Margaret makes this assertion in Chapter Seven of this novel to Aunt Juley, and shows through the following quote, a remarkable honesty that recognises the power of privilege and wealth to give people like herself and her sister the opportunity, time and luxury to debate and pursue liberal ideas. Note what she says:
You and I and the Wilcoxes stand upon money as upon islands. It is so firm beneath our feet that we forget its very existence. It's only when we see someone near us tottering that we realize all that an independent income means. Last night, when we were talking up here round the fire, I began to think that the very soul of the world is economic, and that the lowest abyss is not the absence of love, but the absence of coin.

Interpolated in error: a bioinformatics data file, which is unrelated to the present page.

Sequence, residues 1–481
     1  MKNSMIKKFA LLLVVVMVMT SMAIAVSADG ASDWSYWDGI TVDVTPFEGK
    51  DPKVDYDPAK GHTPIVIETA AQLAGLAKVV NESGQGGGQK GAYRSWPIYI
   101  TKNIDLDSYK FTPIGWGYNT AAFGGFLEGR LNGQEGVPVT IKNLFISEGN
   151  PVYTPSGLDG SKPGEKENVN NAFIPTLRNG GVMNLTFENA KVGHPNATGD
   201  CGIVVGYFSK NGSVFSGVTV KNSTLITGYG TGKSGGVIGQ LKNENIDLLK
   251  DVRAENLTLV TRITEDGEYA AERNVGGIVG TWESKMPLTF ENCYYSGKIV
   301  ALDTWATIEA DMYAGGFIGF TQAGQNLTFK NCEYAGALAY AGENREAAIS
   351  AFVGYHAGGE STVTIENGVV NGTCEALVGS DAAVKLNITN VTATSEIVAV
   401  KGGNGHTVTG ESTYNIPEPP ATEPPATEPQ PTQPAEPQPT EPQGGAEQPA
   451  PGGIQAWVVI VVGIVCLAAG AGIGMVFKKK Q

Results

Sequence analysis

What Margaret is saying is that love will only take you so far, as is shown through the character of Leonard Bast and his tragic end. Unfortunately, it is money that ultimately makes the money go round, and, as much as Margaret does not like the fact, she recognises that it is money and her "independent income" that allows her the freedom to be who she wants to be. The opposite is shown in the way that the wealthy and more powerful are able to prey upon the Basts of this world. Remember how it is a throwaway word from Mr. Wilcox that makes Leonard Bast leave his job, which then leaves him without any employment whatsoever.
From what happens in the novel, the reader can safely assume that Margaret's view is shared by Forster, her creator. However, he does not stop hoping that a better, brighter and more equitable future might be created. Note how at the end of the novel Margaret is planning to significantly reduce her wealth. Whilst Forster might ultimately recognise that it is money that makes the world go round, he seems to offer some hope that love, given the right conditions, might be enough to help the great world spin as well.